• Facebook

    500 K / likes

  • Twitter

    1 M / followers

Seagate Performed Best in Backblaze’s 2020 Hard Drive Failure Report


Internal computer components

Backblaze, one of the leading cloud storage and backup companies, has just released information on its hard drive failure rates throughout 2020, revealing which models fared better than others.

As noted by DPReview, Backblaze reports that 39,792 hard drives were added to its assortment in 2020 and by the end of the year, the number of drives under its management reached a total of 165,530. Out of those, 3,000 were boot drives and the rest of the 162,530 were hard drives. For this report, the company omitted 231 hard drives in its research as they were used for testing or if the company did not have at least 60 drives of a certain model. 

The company explains that the reason for excluding boot drives from gathering this data is simply because their function is greatly different from that of a typical hard drive, however, if any useful data is gathered in the future, Backblaze intends to publish it. After all exclusions, the company was left with 162,299 hard drives that it used to compile the data below.

Backblaze hard drive failure rate statistics

Somewhat unexpectedly, for drive models with over 250,000 drive days over the course of 2020, the Seagate 6TB drive (model ST6000DX000) led the way with a 0.23% annualized failure rate (AFR) despite it being the oldest model of all the drives listed on the table.

AFR refers to the estimated probability of a hard drive failure during a full year of use. While there are other drives that may show a lower failure rate, such as Toshiba, the number of drives tested was too low or the amount of time they have been active was too short to assume the AFR would be consistent over a larger number of drives. That said, Backblaze has high hopes.

“The new Toshiba 14TB drive (model: MG07ACA14TA) and the new Toshiba 16TB (model: MG08ACA16TEY) were introduced to our data centers in 2020 and they are putting up zeros, as in zero failures,” the company writes. “While each drive model has only been installed for about two months, they are off to a great start.”

Close runners up to Seagate were two HGST 4TB drives (models HMS5C4040ALE640 and HMS5C4040BLE640) with 0.27% AFR, followed by the 8TB drive (model HUH728080ALE600) at 0.29% AFR, and the 12TB drive (model HUH721212ALE600) at 0.31% AFR. An improvement compared to the year prior, the AFR for all of the models included in the 2020 report was 0.93% which was less than half the AFR for 2019 which stood at 1.89%.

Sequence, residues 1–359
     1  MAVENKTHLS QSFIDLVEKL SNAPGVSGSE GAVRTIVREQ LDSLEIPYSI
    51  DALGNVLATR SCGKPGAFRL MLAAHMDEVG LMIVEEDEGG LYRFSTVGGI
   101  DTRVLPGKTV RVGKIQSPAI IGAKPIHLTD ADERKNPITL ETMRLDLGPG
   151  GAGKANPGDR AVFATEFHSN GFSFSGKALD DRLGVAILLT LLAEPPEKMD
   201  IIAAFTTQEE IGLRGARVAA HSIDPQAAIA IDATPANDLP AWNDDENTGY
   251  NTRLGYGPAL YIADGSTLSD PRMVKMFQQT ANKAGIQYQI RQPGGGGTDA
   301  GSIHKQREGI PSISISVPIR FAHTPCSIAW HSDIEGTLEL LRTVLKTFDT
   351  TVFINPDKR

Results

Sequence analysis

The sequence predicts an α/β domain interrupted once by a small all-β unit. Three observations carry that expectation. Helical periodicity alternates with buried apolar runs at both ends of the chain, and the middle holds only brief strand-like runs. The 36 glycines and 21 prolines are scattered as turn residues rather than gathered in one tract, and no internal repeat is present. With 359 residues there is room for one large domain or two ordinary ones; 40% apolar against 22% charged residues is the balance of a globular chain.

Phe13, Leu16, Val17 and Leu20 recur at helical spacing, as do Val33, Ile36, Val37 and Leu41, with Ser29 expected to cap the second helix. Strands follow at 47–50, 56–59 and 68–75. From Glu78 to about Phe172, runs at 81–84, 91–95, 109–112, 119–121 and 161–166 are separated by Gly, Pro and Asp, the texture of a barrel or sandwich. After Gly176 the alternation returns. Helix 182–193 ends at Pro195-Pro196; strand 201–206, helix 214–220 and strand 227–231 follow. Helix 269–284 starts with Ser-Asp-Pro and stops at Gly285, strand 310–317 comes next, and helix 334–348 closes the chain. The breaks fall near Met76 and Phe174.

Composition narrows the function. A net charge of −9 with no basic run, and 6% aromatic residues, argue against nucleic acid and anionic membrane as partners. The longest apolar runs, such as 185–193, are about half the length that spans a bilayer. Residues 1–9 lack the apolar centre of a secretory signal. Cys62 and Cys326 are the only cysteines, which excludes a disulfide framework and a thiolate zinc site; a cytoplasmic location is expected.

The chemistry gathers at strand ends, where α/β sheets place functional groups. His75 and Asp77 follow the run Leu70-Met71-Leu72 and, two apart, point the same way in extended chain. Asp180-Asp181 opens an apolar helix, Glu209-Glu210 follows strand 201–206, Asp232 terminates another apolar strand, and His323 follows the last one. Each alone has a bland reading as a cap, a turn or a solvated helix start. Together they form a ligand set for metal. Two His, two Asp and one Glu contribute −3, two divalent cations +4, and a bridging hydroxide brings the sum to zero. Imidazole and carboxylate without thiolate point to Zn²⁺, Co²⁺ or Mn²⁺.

So while Seagate led the way, just about everyone saw marked improvements.

Backblaze describes the notable improvement of AFR across the board as “a group effort.” On one hand, older drives as a group — which consists of 4TB, 6TB, 8TB, and 10TB capacity drives — improved in 2020 by going from 1.35% AFR in the year prior to 0.96% AFR. On the other hand, 30,000 larger drives were added to the list — of capacities 14TB, 16TB, and 18TB — and as a group, they too improved to achieve 0.89% AFR. Overall, regardless of the drive capacity or its age, the improvements were visible throughout the entire range of different hard drive models in 2020.

Backblaze set a goal at the start of 2020 to diversify the drive models it offered, which came in useful later on when COVID-19 began affecting the world economy and consequently the supply chain. This particular tactic helped the company to navigate the market needs and limitations during a global pandemic. Although such extreme implications, like those experienced due to the global pandemic, couldn’t have been predicted, Backblaze had already gone through a supply chain disruption in 2011 when severe flooding affected Thailand. Since then, particular attention was paid to improving supply strategies.

If you are interested in deep diving into all of the data collected, you can visit all previous Backblaze reports, ranging from 2013, on their statistics page. While it might not seem like something a non-Backblaze user would be interested in, these failure rate statistics are very useful in determining which drives to invest in for home or office use, especially for photographers who regularly have to expand storage in order to accommodate growing image libraries.

Image credits: Header image by Anete Lusina